The truth will make you free.
Gospel of John

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Post #4

Post by Wissing »

I am fully aware that my beliefs could be wrong. However, if I go through life second-guessing myself, I'm definitely wrong. Postmodernism is no escape from the possibility of being wrong.
the worlds problems, which clearly are not being completely addressed by any belief
I really believe specificity is the most constructive way to deal with problems. Is there a specific world problem that you feel is not being addressed by Christ? Do you have an alternate solution in mind?

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How to start?

Post #5

Post by Willum »

[Replying to Wissing]
Shouldn't an all powerful god be able to send someone who leaves no doubts.

Doubts are what men use to persuade.

Shouldn't an all powerful god be able to effect change on the Earth that men can't. Jesus hasn't effected any change that men have not.

I think there should be a definite path the "better," which is clearly not demonstrated. All the centuries of belief have not made believers better than non-believers.

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Post #6

Post by Divine Insight »

Wissing wrote: Is there a specific world problem that you feel is not being addressed by Christ?
Are you kidding me? What world problem did the "Christ" supposedly solve?
Wissing wrote: Do you have an alternate solution in mind?
I don't see where "Christ" had a solution. Even if every human were to live as "Christ" suggested in terms of loving others as they love themselves the world would still be filled with animals that eat each other, diseases that maim and kill, genetic defects, natural disasters, accidence, broken bones, and you name it.

The "Christ" offers no solution at all to the ills of the world. In fact, as much as I try to live my life in terms of love of others the "Christians" would rather hate me in "Christ's" name for the sake of religious prejudice and bigotry.

It makes no sense to claim that a person is loving their neighbor when they refuse to embrace atheists, or non-Christians as people who are just as loving as anyone else. There is no magic in confessing that "Christ is Lord". On the contrary all that amounts to is religious bigotry.

In fact, in terms of bad genetics, and mental illnesses, many criminals who commit violent crimes are verifiability mentally ill. Where did Jesus address that issue? He didn't. On the contrary he went around casting "demons" out of people and taught others to do the same. :roll:

Jesus "the Christ" was nothing but a charlatan sorcerer teaching witchcraft in his own name.

And where did it bring any peace in the world? On the contrary, Christianity has been the fodder for wars just like all the rest of the Abrahamic religions. Christianity has also been the fodder for the Witch Burnings. In fact, arguments could be made that Christianity was the religious bigotry that Hitler used as an excuse to exterminate Jews.

IMHO, if Jesus was anything he was an idiot that caused the world far more harm than good.

The only "saving grace" for Jesus is that fact that we don't truly have anything that can be traced directly to him. So to be fair, we really can't even use the Gospel Rumors against him. All we can say is that whoever wrote the Gospels rumors made Jesus look like an idiot. Whether there even existed an actual man named Jesus is anyone's guess. Much less what he might have actually stood for, or would stand behind today.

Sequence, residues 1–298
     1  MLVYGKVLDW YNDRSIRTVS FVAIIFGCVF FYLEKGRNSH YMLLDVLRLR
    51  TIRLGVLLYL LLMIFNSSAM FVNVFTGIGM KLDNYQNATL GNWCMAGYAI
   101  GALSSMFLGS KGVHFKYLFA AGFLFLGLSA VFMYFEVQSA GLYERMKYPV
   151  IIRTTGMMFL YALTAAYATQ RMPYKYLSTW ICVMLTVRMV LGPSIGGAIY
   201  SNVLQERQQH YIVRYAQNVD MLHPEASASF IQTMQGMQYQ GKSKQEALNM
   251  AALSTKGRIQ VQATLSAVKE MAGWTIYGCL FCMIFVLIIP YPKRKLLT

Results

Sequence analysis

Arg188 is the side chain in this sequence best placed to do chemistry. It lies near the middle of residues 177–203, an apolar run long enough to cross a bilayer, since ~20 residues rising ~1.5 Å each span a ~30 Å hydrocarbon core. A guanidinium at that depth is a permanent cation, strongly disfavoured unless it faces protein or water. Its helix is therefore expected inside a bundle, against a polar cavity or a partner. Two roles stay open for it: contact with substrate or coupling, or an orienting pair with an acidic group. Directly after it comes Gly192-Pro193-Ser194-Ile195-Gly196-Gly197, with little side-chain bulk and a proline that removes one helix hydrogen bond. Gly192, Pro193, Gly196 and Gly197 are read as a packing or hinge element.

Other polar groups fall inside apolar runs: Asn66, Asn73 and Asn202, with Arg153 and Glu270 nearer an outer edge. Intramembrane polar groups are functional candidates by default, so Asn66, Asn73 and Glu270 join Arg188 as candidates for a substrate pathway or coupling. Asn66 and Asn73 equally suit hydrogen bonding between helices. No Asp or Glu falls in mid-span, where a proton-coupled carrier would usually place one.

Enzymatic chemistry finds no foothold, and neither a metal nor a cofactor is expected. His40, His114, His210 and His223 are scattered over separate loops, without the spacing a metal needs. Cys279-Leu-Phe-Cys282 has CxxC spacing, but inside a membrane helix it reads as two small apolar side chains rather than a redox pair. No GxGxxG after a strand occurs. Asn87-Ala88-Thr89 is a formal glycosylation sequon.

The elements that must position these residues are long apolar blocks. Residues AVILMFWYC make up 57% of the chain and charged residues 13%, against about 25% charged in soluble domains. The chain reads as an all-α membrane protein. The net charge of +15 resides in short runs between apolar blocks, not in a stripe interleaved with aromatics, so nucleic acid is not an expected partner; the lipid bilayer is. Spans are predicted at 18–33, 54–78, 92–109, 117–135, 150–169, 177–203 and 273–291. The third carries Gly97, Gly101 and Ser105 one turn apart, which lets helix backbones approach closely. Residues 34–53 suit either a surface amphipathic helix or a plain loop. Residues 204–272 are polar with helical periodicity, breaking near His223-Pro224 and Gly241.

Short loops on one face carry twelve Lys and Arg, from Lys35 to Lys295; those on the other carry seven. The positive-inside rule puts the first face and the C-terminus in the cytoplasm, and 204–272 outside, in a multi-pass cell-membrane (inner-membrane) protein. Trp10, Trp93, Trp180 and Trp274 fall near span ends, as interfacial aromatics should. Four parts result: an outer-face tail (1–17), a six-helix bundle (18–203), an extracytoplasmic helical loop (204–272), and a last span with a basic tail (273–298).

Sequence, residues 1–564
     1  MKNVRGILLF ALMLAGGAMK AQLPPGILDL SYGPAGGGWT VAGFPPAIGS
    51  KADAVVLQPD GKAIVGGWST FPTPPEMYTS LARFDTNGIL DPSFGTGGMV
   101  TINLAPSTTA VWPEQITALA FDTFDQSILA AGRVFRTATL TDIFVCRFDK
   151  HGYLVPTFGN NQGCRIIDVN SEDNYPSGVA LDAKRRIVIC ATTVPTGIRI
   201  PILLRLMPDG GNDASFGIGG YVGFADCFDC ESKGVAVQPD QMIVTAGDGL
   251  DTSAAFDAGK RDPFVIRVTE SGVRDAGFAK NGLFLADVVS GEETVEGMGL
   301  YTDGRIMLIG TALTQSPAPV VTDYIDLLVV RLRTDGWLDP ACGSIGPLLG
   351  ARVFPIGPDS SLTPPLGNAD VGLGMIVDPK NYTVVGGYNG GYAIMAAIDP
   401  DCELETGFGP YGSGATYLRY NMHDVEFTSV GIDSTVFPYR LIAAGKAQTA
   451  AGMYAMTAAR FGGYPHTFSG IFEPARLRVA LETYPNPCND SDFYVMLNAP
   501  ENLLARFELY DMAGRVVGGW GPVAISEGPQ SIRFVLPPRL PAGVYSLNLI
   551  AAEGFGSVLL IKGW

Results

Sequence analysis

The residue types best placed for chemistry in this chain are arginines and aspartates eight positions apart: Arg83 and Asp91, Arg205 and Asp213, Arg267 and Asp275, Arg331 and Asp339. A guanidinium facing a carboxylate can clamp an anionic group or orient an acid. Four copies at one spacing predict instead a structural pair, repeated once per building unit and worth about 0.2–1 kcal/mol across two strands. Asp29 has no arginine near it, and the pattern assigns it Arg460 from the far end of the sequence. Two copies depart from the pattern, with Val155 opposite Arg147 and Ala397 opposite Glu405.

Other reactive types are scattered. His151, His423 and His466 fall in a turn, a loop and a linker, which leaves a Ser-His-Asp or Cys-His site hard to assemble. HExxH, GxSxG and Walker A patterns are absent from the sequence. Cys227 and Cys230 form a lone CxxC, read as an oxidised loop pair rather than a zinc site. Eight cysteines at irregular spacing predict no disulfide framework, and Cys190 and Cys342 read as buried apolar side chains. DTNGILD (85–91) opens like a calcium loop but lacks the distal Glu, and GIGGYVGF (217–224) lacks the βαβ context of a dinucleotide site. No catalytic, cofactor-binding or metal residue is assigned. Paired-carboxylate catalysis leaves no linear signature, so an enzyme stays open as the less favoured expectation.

My guess is that if an actual Jesus existed he would most likely renounce "Christianity" today in the same way he rejected the orthodox Judaism of his day as claimed by the Gospel Rumors.
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Re: How to start?

Post #7

Post by Wissing »

[Replying to Willum]

Willum, you seem like a compassionate, solution-oriented person. Otherwise, you would not have started this thread. "In order to solve world problems" is the motive you provide for why one might want to change worldviews. I cannot believe that you would have provided that as a reason unless you had a particular world problem that you've experienced, or one that you're actively trying to solve. So I ask again, could you please provide a particular problem that you feel is not being addressed, and provide some insight into how it might be better addressed?


Let me also address this comment:
All the centuries of belief have not made believers better than non-believers.
I don't know if there's anything exceptionally moral about believers. That would be difficult to decide, because I only know a few people, and I understand even fewer. What's exceptional is their belief. The problem we (you, me, others) run into, as you've pointed out in your original post, is that it's rather tough to figure out what's moral in the first place. "What if I'm wrong?" continually pesters us.

But from the beginning, God's primary concern, his first commandment, was not to be moral, but to abstain from eating from the tree of knowledge [1]. By eating of the tree, Adam and Eve showed their faithlessness. It wasn't for wrong action, but for reliance on their own insight instead of God's [2]. Pride.

Whereas Adam and Eve were blessed considerably, and still distrusted God, Job was punished for reasons he did not understand, and praised God nonetheless [3]. Job's faith was his virtue, not his morals.